There was. A mail carrier, he as well as his fellow workers began to ask shut-ins along their delivery routes if they’d like to receive a free Thanksgiving dinner. That year, they delivered 50 meals and fed 50 more people at a sit-down meal at their Glenolden church. After that, word-of-mouth took over, and others came forward – some for food, some to help. By last year, what had begun as a small family gesture fed more than 1,600 needy people in their homes and another 170 at a sit-down meal at the church – with Ms. Hadden working from lists provided by hospitals, senior centers, hospices, social workers, food pantries, and friends.

Sabina Louise Pierce/Special to The Christian Science Monitor
Debbie Hadden stands near the entrance to her home in Upper Darby, Pennsylvania, on Oct. 31, 2019. She and her family started a tradition of serving Thanksgiving dinner to others 26 years ago.

Though the project has become a well-oiled machine over the years, its success is in God’s hands, Ms. Hadden says, and each year’s unfolding affirms her faith in a God who is intimately involved in the details. “I just leave it up to Him. He always sends me what I need,” she says.

Over the years, the siblings, children, and friends they corralled to help have become a volunteer force in the hundreds. “The Girl Scout troops come, the Boy Scout troops. ... A bunch of guys from a group home once carried all the boxes to the cars,” Ms. Hadden recalls. “The Holy Spirit has touched people from all over Delaware County and put that in their hearts, put that in their heads, maybe even tormented them a little bit, and the next thing you know, I’m getting calls from people I never heard of before who want to help.”

“When we use the Lord’s name, it should just be used for goodness,” says Edith Cain, who in her 90s is the oldest member of First Presbyterian. She was also its first woman elder and Ms. Hadden’s Sunday school teacher many years ago. Of the fact that she may have played a role in the family’s charitable nature, Ms. Cain says, “I’m thankful for that.” Like her former student, she believes kindness is contagious: “It’s amazing what sharing just a little bit of love to somebody else can do. Even if we just give each other a ‘hello, and how are you?’ Sometimes all a person needs is encouragement.”

Not always smooth sailing

Though somehow the canned goods appear, the pies get cut, and the yams parceled out, Thanksgiving is not always smooth sailing. “Every year the devil tries to get you. Every year the printer goes or Bob gets a flat tire or the computer goes down,” Ms. Hadden recalls. “The evil one puts these things in our path to stop us. The closer you are to doing God’s will, the devil’s going to try to get you.”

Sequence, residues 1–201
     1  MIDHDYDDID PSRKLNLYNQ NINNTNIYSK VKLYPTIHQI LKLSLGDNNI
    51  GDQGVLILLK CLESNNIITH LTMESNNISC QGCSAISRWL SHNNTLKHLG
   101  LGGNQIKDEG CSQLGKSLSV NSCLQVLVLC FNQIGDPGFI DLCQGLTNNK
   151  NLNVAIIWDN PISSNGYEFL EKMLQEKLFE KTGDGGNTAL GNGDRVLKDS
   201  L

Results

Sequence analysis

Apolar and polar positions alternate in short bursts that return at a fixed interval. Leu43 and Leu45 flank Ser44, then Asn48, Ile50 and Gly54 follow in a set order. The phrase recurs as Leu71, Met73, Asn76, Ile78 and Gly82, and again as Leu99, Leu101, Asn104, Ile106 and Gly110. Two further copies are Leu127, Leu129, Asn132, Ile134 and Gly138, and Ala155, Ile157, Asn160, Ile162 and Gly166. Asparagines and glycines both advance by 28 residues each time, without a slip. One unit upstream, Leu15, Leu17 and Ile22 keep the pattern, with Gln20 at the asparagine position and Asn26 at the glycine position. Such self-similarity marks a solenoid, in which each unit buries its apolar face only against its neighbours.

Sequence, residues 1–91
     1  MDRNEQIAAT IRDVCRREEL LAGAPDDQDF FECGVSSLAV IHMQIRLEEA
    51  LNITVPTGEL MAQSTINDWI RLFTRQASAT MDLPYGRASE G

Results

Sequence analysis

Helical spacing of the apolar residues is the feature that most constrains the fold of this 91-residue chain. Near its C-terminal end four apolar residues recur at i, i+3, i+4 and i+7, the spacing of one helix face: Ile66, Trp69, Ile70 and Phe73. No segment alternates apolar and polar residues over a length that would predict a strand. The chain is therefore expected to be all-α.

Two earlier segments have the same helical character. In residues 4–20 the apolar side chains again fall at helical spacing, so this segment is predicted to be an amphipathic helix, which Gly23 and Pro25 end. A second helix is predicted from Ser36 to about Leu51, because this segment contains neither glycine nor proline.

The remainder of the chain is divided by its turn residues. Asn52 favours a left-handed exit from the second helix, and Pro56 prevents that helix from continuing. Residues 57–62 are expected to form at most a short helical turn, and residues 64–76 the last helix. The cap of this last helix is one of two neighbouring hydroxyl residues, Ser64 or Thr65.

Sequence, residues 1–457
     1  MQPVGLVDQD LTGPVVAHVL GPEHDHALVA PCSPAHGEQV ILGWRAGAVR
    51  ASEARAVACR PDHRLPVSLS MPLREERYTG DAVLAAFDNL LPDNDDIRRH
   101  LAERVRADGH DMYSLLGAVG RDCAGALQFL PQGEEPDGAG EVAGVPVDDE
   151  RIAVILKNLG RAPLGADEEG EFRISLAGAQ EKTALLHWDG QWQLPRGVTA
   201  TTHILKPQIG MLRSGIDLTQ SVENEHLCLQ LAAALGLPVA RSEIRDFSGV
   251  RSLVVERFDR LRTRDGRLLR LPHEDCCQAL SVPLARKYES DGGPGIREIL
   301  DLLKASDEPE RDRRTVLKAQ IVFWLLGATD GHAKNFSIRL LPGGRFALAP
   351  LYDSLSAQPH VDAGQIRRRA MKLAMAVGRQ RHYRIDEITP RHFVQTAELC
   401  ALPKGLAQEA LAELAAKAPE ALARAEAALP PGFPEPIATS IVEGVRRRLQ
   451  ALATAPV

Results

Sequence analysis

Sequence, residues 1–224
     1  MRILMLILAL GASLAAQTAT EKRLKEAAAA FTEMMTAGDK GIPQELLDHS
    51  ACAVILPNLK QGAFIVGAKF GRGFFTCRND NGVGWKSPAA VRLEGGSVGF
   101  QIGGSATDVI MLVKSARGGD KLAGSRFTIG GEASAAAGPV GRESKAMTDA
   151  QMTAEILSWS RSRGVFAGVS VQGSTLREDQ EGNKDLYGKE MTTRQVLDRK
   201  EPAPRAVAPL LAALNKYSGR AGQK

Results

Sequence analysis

In a world where the Lord’s name is taken lightly time and again – even in Ms. Hadden’s own house on certain Sundays when the Eagles are playing – she doesn’t judge, but she may chide. “It’s wrong. The Bible tells us not to do that,” she says. She admits she slips up from time to time herself, and will apologize. “I’m human. I say, ‘I’m sorry, God.’” To those within earshot, she’ll say, “Excuse my French,” and move on. She’s willing to be an example not just of inspiration but of imperfection. She believes those who witness her wrongdoing might benefit, in a way, by knowing that the woman they may see as holier-than-thou is, in fact, as human as they are.

Though the Third Commandment says those who use God’s name in vain will not be held guiltless, Ms. Hadden doesn’t wallow when she misses this – or any other – mark, and she doesn’t want others to wallow, either. “Your thoughts are reflected in your life. You don’t want to walk around carrying guilt. You move on, do positive things,” she says. She gives the hundreds who pitch in at First Presbyterian on Thanksgiving morning a chance to do just that, with them leaving every bit as nourished as those who are fed.

“They’re so glad they did this thing,” Ms. Hadden says. “They feel so good about themselves, that they were able to help people. They go home and talk to their neighbors, their friends, their families. There’s a ripple effect.”

Part 1: The Commandments as a moral source code in modern life

Part 2: How does the First Commandment fit in today?

Part 3: ‘I have to have humility’: How Second Commandment helped man find freedom

Part 4: One woman embraces Third Commandment in feeding 1,600 at Thanksgiving